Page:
Anjali Joseph’s fourth novel Keeping in Touch (Context, an imprint of Westland Publications Pvt. Ltd., 2021) is not only a tale of modern-day love, but an exploration into the deepest recesses of one’s being to understand what a human connection is all about. After reading this book, one is bound to agree with her mentor Amit Chaudhuri, who praises Joseph saying, “she attends to questions for which not every novelist is equipped.”
Feminism in India got in touch with Joseph to discuss the book.
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You mentioned in an interview that you repurposed a short story you wrote as an eight-year-old for this novel. What made you unearth a thirty-five-year-old material, and what insights it had that you found still relevant?
Anjali Joseph: I didn’t unearth that story, as such, but the title stayed in my mind, and for some reason it made its presence felt when I was writing a short story in 2015 that turned into the novel’s opening chapter. I guess I just liked the name ‘Everlasting Lucifer’ for a lightbulb.
The principal characters in your book are in their late 30s, experiencing a newfound, teenage-like love. What drew you into the worlds of your characters Ved and Keteki?
Anjali Joseph: Falling in love is probably always teenage in ways—the awkwardness, the uncertainty. But there’s also a characteristic of late-30s love that I’d noticed, which could be summed up as the idea that a person by that age has a set of behaviours to help them cope with things they find difficult, whether that’s intimacy or rejection. Sometimes letting go of the belief you know how to organise your own life is necessary if something new is to happen.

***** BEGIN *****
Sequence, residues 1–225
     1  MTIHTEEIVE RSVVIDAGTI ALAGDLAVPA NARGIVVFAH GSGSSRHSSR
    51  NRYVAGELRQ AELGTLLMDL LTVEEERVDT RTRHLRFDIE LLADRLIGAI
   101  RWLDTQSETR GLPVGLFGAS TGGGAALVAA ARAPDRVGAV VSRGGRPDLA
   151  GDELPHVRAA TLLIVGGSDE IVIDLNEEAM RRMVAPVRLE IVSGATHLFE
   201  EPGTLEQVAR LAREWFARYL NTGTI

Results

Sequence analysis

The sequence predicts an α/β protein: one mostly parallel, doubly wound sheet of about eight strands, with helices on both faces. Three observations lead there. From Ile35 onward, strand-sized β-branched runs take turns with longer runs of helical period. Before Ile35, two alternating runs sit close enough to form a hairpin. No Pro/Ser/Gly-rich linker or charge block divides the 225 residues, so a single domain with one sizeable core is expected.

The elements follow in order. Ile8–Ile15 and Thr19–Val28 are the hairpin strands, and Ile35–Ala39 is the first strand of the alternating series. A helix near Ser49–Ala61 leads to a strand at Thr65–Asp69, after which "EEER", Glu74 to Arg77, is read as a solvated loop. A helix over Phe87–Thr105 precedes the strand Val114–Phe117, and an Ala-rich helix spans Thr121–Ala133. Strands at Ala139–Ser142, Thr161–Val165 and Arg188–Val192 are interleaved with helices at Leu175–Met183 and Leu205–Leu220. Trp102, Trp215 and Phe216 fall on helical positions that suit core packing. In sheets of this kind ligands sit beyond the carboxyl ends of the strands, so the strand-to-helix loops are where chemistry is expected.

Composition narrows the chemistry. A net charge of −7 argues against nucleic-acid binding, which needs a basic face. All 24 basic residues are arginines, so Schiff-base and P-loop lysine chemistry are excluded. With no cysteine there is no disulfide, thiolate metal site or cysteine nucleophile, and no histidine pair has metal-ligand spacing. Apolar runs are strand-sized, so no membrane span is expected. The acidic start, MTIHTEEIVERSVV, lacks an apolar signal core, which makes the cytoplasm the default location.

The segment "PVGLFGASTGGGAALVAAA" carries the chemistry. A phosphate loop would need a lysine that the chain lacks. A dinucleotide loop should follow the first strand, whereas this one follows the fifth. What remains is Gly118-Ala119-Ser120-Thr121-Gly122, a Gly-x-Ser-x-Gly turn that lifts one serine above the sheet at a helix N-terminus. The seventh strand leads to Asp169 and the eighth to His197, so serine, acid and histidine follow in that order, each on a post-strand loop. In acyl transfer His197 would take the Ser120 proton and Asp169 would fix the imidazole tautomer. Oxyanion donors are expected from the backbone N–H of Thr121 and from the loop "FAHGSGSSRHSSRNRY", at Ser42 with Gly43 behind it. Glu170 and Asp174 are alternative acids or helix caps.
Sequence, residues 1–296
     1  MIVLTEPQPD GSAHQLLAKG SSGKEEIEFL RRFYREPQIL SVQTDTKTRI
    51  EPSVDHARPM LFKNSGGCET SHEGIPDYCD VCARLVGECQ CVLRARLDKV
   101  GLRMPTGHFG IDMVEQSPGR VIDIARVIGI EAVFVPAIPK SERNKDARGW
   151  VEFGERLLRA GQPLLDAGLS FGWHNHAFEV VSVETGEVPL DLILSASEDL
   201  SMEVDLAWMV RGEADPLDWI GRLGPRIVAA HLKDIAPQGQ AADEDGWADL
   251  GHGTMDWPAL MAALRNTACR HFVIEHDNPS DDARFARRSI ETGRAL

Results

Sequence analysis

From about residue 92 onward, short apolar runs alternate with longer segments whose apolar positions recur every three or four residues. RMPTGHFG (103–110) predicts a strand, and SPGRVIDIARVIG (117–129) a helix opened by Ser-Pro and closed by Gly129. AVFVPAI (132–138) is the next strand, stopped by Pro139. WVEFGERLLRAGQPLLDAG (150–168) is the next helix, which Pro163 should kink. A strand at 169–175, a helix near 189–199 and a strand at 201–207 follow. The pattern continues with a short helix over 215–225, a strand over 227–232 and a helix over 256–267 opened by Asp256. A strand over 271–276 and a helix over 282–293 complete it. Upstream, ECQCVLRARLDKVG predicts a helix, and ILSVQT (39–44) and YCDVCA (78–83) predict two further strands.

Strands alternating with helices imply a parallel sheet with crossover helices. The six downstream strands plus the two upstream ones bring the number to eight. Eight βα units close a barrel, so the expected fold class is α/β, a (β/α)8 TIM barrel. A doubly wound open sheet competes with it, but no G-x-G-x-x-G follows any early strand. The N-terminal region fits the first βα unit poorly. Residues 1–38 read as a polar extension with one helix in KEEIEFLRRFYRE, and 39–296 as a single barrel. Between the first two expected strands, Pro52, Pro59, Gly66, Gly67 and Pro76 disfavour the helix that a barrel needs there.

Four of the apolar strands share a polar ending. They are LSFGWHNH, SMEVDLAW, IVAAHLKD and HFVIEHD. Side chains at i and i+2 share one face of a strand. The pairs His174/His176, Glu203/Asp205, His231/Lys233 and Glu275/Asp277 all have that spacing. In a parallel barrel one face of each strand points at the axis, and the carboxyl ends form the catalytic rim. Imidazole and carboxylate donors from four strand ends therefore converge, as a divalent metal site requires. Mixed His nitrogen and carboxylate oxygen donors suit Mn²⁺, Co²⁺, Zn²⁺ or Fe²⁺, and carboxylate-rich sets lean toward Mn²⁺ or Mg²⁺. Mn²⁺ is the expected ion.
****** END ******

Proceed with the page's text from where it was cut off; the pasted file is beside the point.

Early in the book Ved says “you can never go home again”. Besides exploring modern-day relationships, the book is also about ‘keeping in touch’ with one’s idea of a home, be it a person, place, state of mind, and how one wants to find ‘everlasting’ happiness in that thing. Would you agree that it’s one of the functions of the book? Or is there nothing like enlightenment of this sort in life?
Anjali Joseph: It’s one of the things that intrigues me most: Does an enlightened person ever snap at their family? Show a moment of vanity? Where does the humanness go? But for most of us, I don’t imagine that enlightenment is either that far away or, some kind of, permanent external shift that takes place. It’s just a very powerful reorientation. You might lose awareness for a moment or a few hours, and then drop the things you’ve been entangling yourself in again. In the novel, the idea of keeping in touch is definitely keeping in touch with that quiet inner perspective that isn’t really interested in the external drama of your own life. The more one connects with that, the easier it is to connect with other things and people. I think both the protagonists in the novel are seeking that sense of home, Keteki more actively than Ved.